Friday, April 2, 2010

Despair: Eternal fatal flaw

Last Wednesday we talked a little about Judas' betrayal of Jesus and pointed out that it was a wakeup call for all serious Christians to be on guard because the “higher you are, the harder you fall”. Today we'll look at what to do when we do fall.

Many people wonder if Judas had free will going into the fall; if he could have stopped himself. After all, the entire plan of salvation hinged on his betrayal of Jesus. This is a question for another day (Catholics maintain that he did betray on his own free will) but I don't know of anyone who argues that Judas' next action, returning the money and then hanging himself, had to happen for the divine plan.

Would Jesus have forgiven Judas as he forgave Peter's denials? The only answer from what we have seen of Christ is an emphatic YES! Jesus forgave everyone who asked for it and prayed for those who didn't (forgive them, they don't know what they're doing). If Judas had asked forgiveness for his betrayal we must believe he would have received it.

But Judas didn't ask. He assumed his sin was unforgivable.

This is despair; the most deadly of all sins.

I say despair is a sin because it is a rejection of the commands of Jesus to have faith and hope. Despair rejects faith in the promises of Christ that he will forgive anyone who truly repents and a rejection of hope in our salvation. It is the most deadly because a person in the midst of despair cannot choose God, cannot be reconciled to him. As long as we believe we cannot be reunited with God, we cannot be reunited with God. It disables our capacity to seek reconciliation.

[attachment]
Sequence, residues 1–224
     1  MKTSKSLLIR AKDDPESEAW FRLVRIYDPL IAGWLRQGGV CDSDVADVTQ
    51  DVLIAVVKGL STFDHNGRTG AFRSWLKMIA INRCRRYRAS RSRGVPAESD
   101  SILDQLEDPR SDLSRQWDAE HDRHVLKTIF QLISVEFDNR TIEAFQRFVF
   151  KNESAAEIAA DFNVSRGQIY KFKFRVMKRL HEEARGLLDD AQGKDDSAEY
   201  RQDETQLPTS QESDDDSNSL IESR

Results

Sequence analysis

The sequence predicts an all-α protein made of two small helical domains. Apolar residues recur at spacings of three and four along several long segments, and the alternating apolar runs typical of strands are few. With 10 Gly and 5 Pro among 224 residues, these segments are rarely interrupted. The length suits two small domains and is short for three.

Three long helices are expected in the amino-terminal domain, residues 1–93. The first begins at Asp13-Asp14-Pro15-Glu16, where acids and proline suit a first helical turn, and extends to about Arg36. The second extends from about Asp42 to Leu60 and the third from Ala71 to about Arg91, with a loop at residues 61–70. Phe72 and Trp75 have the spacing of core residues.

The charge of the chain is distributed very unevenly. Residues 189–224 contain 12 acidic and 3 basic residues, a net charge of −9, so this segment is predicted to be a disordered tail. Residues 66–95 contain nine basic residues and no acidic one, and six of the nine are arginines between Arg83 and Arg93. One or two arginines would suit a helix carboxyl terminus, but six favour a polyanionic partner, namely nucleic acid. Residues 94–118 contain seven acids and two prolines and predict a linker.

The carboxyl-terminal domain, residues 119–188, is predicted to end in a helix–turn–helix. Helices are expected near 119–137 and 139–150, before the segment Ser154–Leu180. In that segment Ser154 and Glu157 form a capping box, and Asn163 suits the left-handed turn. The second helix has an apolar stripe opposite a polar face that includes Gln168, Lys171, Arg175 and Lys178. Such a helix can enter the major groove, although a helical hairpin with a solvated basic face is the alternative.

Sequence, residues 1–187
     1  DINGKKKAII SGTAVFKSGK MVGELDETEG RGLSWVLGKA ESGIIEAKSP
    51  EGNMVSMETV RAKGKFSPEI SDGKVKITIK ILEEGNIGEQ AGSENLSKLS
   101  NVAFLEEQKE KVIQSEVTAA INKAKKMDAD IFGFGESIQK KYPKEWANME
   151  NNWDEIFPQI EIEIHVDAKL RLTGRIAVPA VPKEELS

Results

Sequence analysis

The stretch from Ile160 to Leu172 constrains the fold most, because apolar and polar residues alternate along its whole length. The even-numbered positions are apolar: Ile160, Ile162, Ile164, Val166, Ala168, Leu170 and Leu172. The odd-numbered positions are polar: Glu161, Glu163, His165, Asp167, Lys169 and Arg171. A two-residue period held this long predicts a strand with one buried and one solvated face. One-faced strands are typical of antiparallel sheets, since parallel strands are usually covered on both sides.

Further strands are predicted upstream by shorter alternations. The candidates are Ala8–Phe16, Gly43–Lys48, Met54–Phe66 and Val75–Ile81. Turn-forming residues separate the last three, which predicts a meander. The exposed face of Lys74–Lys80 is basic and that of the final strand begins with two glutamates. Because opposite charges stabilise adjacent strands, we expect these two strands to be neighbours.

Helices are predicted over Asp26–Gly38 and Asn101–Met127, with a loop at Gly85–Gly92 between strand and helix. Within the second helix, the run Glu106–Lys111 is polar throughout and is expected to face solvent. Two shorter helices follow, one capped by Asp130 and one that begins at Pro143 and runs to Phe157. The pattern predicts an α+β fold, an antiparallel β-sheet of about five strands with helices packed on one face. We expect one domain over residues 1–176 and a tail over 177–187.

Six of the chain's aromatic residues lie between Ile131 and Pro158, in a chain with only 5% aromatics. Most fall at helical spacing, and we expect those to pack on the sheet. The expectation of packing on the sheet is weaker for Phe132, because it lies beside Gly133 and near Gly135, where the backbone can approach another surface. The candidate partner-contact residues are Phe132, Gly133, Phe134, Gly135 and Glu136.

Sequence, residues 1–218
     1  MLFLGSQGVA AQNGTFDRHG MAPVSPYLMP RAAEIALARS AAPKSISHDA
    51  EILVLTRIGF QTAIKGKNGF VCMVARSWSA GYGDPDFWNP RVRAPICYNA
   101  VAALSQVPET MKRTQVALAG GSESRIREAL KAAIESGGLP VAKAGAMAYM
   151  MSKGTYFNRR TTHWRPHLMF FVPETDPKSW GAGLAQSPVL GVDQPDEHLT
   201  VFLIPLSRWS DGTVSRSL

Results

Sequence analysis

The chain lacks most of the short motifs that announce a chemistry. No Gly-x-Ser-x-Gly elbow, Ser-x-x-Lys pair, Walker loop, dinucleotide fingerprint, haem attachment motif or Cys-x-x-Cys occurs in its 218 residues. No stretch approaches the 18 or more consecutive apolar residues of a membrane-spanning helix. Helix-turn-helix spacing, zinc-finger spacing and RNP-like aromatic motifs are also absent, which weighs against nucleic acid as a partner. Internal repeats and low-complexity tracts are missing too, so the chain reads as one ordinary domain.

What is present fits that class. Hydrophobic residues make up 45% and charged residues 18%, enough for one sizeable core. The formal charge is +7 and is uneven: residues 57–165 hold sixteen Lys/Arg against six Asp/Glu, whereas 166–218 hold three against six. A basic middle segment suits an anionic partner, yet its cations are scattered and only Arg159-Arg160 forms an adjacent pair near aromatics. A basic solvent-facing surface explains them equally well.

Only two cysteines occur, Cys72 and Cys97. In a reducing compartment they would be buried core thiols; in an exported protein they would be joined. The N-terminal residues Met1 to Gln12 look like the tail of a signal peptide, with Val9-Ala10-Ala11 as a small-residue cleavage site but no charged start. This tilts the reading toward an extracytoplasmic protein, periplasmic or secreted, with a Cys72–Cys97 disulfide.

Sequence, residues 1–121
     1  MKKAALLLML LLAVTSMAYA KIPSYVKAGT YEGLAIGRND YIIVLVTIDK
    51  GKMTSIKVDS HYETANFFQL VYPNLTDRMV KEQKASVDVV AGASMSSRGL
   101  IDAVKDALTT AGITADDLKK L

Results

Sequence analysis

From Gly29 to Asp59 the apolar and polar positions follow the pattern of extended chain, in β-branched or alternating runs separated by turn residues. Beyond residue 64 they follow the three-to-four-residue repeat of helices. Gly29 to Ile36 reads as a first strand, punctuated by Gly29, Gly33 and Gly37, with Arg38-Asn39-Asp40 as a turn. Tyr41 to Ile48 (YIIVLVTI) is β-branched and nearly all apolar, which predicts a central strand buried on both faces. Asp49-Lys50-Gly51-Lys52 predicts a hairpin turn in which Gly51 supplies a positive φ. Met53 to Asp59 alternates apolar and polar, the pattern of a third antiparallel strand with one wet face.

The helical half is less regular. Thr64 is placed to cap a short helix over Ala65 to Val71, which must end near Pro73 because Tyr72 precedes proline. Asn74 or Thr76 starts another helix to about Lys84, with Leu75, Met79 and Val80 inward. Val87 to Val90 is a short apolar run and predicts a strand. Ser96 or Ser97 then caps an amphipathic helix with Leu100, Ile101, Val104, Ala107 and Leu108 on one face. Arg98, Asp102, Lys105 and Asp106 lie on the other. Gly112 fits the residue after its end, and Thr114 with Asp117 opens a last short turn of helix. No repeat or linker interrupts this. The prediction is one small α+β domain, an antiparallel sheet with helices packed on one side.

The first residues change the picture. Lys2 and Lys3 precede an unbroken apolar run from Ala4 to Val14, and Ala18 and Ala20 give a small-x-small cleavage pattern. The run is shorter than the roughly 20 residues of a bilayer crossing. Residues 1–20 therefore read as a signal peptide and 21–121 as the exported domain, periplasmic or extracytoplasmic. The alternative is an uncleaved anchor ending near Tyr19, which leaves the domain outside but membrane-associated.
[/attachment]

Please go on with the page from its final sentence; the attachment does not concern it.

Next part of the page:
The temptation to despair comes when we realize the gravity of our sins. It's a last-ditch effort by the devil; if he can't keep us happily complacent in our sinfulness he would like to see us miserably accepting of our condemnation.

Consider how close Judas came to reconciliation with God. Judas was deeply moved by his sin. He wasn't complacent, he realized exactly what he had done and felt enormous guilt from it. He wanted to repent of it, which is shown in his return of the thirty pieces of silver he was given. In that moment, when he realized just how horrible his betrayal was he had the choice between hope and despair.

He chose despair.

What will we choose next time we confront our own failings?

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